– Koert Wehberg COL ’08
“I applied to SUCOL because it offered the DLPP. When I applied to law school in 2002, SU was the only school that offered a program like DLPP. I knew I wanted to work in policy and disability rights and the joint degree gave me the skills I needed to pursue my goals. I was able to take classes that gave me a foundation in disability law and a working knowledge of disability policy. I am currently employed as a State contact for the U.S. Department of Education, Office of Special Education Programs, where I work directly with State educational agencies to ensure improved results for children with disabilities under the Individuals with Disabilities Education Act. I also respond to policy inquiries from the field. The joint degree continues to lay the necessary framework that allows me to reach for and achieve my career goals."
– Jen Wolfsheimer COL ’05
Julie Morse L'05
Since September 2005, Julie has worked as a Skadden Fellow at Legal Services of Central New York, Inc. in conjunction with Syracuse University's Center on Human Policy, Law and Disability Studies. Pursuant to the Supreme Court's decision in Olmstead v. L.C. by Zimring
that unnecessary institutionalization of people with disabilities is discrimination prohibited by the Americans with Disabilities Act, Julie provides representation to people with disabilities to enable them to live and receive services in the community.
"I chose Syracuse University because it is the only university in the country that offers a joint degree in law and disability studies. My dual degree will allow me to advocate for people with disabilitie, as well as empower people with disabilities to be their own advocates, through legal, political and social means."
Crystal Doody L'05
Crystal is a Staff Attorney at Legal Services of Central New York where she represents people with disabilities on a range of legal issues including special education, discrimination, and access to services. She is also a founding member of the LGBTQ Law Association of Central New York.
Nathaniel J. Kuzma L'06
Nathaniel is an associate at the Law Offices of Neal H. Rosenberg, located in lower Manhattan, specializing in Special Education Law. The firm primarily represents parents of students with disabilties who are seeking guidance in their legal pursuits against the New York City Department of Education and surrounding school districts. Mr. Rosenberg maintains the largest practice of this kind in the New York metropolitan area, and the firm prides itself in its ability to work with both parents and the board to provide better educational opportunities for children.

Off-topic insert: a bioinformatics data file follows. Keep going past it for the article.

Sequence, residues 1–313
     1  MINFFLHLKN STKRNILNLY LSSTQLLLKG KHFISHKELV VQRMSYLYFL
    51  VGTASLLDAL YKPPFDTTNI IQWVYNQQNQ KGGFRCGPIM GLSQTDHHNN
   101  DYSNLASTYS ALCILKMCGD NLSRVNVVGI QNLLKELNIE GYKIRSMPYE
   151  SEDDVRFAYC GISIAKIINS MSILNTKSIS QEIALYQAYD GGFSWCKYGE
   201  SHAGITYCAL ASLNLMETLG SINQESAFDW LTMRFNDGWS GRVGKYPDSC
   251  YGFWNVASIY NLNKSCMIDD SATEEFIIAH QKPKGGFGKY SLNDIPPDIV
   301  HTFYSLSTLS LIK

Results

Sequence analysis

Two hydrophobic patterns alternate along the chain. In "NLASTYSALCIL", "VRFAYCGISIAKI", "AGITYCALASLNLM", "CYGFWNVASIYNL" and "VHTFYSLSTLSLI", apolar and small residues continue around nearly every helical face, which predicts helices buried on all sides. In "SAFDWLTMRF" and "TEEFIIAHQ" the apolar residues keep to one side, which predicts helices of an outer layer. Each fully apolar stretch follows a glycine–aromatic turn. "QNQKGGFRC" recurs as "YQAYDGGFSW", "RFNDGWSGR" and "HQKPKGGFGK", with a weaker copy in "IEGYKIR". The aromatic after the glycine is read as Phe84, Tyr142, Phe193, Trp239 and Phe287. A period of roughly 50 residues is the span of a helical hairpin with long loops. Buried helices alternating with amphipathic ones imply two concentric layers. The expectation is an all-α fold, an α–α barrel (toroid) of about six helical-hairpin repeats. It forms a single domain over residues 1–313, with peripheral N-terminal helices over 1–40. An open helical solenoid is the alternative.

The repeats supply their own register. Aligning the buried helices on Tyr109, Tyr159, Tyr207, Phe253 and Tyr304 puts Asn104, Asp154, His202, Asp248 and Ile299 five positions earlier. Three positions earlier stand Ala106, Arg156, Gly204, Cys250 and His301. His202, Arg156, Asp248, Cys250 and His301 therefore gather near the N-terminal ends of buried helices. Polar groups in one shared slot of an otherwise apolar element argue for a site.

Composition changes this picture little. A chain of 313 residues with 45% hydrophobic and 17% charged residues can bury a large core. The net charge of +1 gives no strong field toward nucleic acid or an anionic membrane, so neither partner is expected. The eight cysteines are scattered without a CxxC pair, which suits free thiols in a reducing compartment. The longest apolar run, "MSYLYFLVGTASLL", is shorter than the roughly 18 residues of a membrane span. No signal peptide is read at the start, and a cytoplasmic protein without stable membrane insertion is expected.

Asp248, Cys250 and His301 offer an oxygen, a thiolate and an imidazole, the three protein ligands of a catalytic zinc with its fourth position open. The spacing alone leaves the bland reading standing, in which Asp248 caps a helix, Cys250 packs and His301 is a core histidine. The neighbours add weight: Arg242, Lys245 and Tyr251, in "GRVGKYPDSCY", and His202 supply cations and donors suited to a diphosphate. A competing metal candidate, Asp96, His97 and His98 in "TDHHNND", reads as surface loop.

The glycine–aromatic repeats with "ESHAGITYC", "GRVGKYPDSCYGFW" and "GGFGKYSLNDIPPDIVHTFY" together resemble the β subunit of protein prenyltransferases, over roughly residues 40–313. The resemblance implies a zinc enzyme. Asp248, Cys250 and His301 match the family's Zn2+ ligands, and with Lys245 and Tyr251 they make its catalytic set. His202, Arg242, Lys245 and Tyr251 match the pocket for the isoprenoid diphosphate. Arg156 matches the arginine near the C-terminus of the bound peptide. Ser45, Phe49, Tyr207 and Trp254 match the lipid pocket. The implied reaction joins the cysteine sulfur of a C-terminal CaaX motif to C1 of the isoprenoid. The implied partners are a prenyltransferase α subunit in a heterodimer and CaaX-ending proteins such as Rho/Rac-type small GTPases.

Jennifer Conrad L'06
Jennifer is the Policy Adviser to the Youth Team for the U.S. Department of Labor. She works in the Department's Office of Disability Employment Policy. The Youth Team works to ensure that youths with disabilities have access to transition services that prepare them for
post-secondary education and employment.
"By obtaining my law and masters degree with a disability focus at Syracuse University, I have the background needed to succeed at this job and with my future disability policy career."
Sheila Schwallie L'06
Sheila is am an Appellate Court Attorney for the New York State Appellate Division, Fourth Department in Rochester, NY. She reviews both civil and criminal appeals and prepares bench briefs for the panel of Appellate Court Justices to review before oral argument.
"My experience with the joint degree program was excellent. Many of the courses I took within the School of Education discussed the social issues behind the law and this combination of classes was an excellent preparation for real-world practice."
Cynthia Smith L'06
Cynthia is a Research Associate at the Burton Blatt Institute: Centers of Innovation on Disability (BBI) at Syracuse University. BBI's mission is to advance the civic, economic and social participation of individuals with disabilities and their families through building a international collaborative institute that engages professionals and students in cross-disciplines. At BBI, Cindy works on a number of federally funded research and policy projects in the areas of employment, emergency preparedness and education. Cindy is also a current doctoral student in Special Education at Syracuse University.